Updated: Jun 02, 2022
Author: Sandra G Gompf, MD, FACP, FIDSA; Chief Editor: Michael Stuart Bronze, MD 


Practice Essentials

Herpangina is a very contagious acute viral infection characterized by small ulcerative or vesicular lesions in the posterior oropharynx. It primarily is seen in children but also affects newborns, adolescents, and young adults. Herpangina mostly occurs during the summer months. It is caused by 22 enterovirus serotypes, and most often is linked to the Coxsackie B virus serotype. Herpangina may occur along with an enteroviral exanthem and a number of neurological conditions, including aseptic meningitis, acute flaccid paralysis, and encephalitis.[1]




Herpangina is an acute febrile illness associated with small vesicular or ulcerative lesions on the posterior oropharyngeal structures (enanthem). Herpangina typically occurs during the summer and usually develops in children, occasionally occurring in newborns, adolescents, and young adults. Herpangina is one of many manifestations of enterovirus infection and can occur in association with enteroviral exanthem, aseptic meningitis, encephalitis, acute flaccid paralysis, and other clinical syndromes.


Herpangina is a pharyngeal infection typically caused by various enteroviruses. In recent years, coxsackievirus A16, enterovirus 71, and coxsackievirus B have been implicated most often. Less-common causes include echovirus, parechovirus 1, adenovirus, and herpes simplex virus (HSV).[2, 3] Enterovirus 71 has emerged as an important public problem, causing severe clinical illness, encephalomyelitis, and potentially death in young children.[4, 5]  Enteroviruses that cause herpangina belong to the Picornaviridae family.

Coxsackievirus B4 virions under electron microscop Coxsackievirus B4 virions under electron microscopy. Courtesy of Centers for Disease Control and Prevention (CDC).

A distinct phenotype of Enterovirus 71 causes herpangina. This is in contrast to the phenotype of Enterovirus 71 that causes encephalitis, aseptic meningitis, myocarditis, poliomyelitis-like paralysis, and neonatal sepsis. Risk factors for postinfectious neurologic sequelae appear to include myoclonic jerks over 4 times per night. Age younger than 3 years and fever lasting 3 days or longer have been associated with encephalitis in enterovirus 71 infection.[6, 7, 8]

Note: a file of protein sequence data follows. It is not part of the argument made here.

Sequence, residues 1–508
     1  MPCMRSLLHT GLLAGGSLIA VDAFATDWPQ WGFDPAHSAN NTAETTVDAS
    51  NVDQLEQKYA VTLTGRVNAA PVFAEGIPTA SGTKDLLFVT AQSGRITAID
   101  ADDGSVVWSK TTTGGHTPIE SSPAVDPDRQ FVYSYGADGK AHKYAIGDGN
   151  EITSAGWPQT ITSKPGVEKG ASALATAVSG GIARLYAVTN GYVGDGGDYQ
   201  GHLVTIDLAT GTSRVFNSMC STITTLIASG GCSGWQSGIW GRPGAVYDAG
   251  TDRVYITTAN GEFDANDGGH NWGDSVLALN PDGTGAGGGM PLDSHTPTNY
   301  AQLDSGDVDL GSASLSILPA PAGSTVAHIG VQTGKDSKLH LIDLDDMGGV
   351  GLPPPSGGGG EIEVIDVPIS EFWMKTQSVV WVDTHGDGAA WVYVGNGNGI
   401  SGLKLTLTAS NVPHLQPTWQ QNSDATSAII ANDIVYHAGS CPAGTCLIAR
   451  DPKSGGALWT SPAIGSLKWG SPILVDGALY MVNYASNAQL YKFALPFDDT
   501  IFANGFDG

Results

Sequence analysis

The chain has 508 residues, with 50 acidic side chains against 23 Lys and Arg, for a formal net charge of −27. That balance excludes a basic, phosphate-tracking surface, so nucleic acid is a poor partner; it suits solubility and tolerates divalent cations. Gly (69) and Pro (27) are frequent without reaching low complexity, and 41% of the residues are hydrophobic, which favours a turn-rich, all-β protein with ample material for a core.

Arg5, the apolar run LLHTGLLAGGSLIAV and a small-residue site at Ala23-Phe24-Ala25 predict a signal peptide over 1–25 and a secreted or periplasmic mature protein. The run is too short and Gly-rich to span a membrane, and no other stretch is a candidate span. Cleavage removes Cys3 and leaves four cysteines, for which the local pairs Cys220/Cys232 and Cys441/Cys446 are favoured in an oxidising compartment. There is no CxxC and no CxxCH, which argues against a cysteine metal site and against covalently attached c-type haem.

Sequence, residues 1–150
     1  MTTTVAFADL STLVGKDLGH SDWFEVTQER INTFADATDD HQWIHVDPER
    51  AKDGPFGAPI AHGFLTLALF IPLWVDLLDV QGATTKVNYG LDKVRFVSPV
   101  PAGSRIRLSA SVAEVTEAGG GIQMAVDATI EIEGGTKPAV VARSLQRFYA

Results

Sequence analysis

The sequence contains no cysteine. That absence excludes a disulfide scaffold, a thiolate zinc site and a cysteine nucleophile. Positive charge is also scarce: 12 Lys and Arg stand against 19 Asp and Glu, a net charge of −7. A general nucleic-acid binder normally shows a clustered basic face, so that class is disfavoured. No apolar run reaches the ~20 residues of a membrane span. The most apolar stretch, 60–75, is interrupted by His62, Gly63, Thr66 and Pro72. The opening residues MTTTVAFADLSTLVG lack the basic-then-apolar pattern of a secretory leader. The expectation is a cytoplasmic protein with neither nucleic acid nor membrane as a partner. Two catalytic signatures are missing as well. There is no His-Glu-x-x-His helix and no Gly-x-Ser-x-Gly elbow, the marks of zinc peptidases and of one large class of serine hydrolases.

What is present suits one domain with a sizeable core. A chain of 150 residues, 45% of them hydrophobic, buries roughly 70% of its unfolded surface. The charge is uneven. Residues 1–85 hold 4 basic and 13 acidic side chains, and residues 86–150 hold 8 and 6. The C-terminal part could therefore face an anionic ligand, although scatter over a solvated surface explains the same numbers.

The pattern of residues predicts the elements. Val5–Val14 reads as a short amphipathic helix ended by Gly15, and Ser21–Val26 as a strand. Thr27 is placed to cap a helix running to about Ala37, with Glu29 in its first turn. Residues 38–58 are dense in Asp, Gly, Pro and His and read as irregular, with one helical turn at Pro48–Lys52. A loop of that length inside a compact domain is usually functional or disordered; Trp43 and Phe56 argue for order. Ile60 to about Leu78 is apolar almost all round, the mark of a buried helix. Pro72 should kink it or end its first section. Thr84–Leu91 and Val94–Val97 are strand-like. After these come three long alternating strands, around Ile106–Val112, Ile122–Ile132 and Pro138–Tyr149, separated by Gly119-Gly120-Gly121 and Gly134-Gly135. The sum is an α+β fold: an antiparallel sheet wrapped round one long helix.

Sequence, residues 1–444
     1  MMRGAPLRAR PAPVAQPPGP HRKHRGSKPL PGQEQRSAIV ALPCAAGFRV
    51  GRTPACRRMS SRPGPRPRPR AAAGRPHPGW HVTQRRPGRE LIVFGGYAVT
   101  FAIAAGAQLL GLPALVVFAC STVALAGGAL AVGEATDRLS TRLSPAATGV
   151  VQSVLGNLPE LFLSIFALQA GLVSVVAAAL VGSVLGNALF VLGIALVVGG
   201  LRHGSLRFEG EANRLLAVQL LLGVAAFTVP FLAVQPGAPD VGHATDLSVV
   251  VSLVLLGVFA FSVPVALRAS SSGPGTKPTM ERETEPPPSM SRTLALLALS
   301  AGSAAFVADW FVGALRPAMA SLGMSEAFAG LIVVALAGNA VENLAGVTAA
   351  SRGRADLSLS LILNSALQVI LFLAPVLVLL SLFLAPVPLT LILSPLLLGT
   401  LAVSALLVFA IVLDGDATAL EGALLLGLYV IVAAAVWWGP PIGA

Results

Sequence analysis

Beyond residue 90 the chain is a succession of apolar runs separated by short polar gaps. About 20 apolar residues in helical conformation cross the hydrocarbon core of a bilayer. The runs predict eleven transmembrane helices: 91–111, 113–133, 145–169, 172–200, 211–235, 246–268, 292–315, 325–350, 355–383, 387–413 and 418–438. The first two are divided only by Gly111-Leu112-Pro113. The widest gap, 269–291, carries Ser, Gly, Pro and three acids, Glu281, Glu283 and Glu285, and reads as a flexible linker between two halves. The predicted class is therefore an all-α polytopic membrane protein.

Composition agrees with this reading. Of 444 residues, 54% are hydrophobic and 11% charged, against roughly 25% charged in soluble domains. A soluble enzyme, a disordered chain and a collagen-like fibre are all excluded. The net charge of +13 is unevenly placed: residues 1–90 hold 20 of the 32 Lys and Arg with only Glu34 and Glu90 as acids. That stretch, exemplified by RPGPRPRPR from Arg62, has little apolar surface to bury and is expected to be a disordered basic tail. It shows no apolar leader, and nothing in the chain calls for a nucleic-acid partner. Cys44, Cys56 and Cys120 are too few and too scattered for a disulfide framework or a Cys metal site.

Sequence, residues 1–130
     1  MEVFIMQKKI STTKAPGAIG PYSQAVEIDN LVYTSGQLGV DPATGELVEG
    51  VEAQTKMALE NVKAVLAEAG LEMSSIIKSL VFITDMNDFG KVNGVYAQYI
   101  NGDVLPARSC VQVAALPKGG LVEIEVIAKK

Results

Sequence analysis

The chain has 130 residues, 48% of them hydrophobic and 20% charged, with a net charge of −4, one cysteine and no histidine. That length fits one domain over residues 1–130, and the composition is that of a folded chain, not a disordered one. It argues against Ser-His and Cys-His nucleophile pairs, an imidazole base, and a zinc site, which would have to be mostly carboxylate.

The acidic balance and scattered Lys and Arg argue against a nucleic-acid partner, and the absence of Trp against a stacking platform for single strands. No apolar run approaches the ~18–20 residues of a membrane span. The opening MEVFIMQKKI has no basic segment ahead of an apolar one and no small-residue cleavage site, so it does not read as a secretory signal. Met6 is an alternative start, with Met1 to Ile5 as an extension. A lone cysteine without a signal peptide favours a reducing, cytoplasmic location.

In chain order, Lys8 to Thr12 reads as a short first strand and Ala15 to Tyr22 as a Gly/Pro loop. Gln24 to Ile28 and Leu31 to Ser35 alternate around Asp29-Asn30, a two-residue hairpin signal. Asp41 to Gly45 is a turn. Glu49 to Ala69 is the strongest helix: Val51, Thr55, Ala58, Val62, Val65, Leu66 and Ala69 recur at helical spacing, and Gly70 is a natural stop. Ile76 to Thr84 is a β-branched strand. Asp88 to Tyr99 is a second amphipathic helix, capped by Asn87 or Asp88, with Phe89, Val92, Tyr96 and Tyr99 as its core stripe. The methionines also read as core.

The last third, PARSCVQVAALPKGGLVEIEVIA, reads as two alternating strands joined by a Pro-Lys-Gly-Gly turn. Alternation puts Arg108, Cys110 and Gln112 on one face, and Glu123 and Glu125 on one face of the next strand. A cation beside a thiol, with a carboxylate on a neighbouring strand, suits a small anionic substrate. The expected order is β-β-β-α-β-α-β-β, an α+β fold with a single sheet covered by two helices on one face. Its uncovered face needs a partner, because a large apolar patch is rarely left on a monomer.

Although herpangina generally is a mild disease in adults, infection during pregnancy has been associated with a herpangina associated with a 2.29-, 1.67-, and 1.63-fold increased risk for low birth weight, preterm delivery, and small-for-gestational-age infants, respectively.[9]

Viruses that cause herpangina typically are spread via the fecal-oral route, although they may spread via the respiratory route or through fomites. Freshwater sources (eg, lakes) may act as reservoirs for transmission.

Herpangina typically has an incubation period of 4-14 days. Viremia occurs after inoculation and subsequently results in distant sites of infection. Viral replication at these secondary sites leads to characteristic clinical symptoms and oropharyngeal lesions. Bilateral, anterior, cervical lymphadenopathy may occur, resulting from infection of the posterior oropharynx. Coxsackievirus A may be recovered from the nasopharynx, feces, blood, urine, and cerebrospinal fluid (CSF). After clinical symptoms have resolved, asymptomatic enteroviral infection may persist in the gastrointestinal tract.



United States

Enteroviral infections are most common during the summer and fall in temperate climates and occur year-round in tropical climates.


Enteroviral infections occur worldwide. Acute fatal epidemics have been reported in at least five parts of the world, the most recent being described in Kanagawa Prefecture, Japan, in 2007.[10]


Herpangina is typically a mild and self-limited illness.[5] Although most children who develop herpangina recover, the disease is occasionally complicated by CNS lesions and cardiopulmonary failure. Fatalities associated with herpangina have been reported, primarily in infants aged 6-11 months.

Notably, herpangina has been associated with the potential for adverse pregnancy outcomes.[5] A Taiwanese population-based study of 242 pregnant women with herpangina found an associated 2.29-fold greater risk for low birth weight, 1.67-fold greater risk for preterm delivery, and 1.63-fold greater risk for small-for-gestational-age infants, after adjustment for income, maternal, and fetal characteristics.[11]


Herpangina does not have a sexual predilection.


Herpangina most commonly affects infants and young children aged 3-10 years. Herpangina is less common in adolescents and adults.




Approximately 50% of enteroviral infections are asymptomatic. Clinical manifestations may vary, depending on the strain of the virus.

All enteroviral infections may cause fever, which may be the first apparent symptom. Patients with enteroviral infection typically develop a temperature of 101-104°F.

Most symptomatic patients report malaise.

Sore throat and pain upon swallowing may develop and precede the development of the enanthem by a few hours to 1 day.

Older children frequently report headache and backache.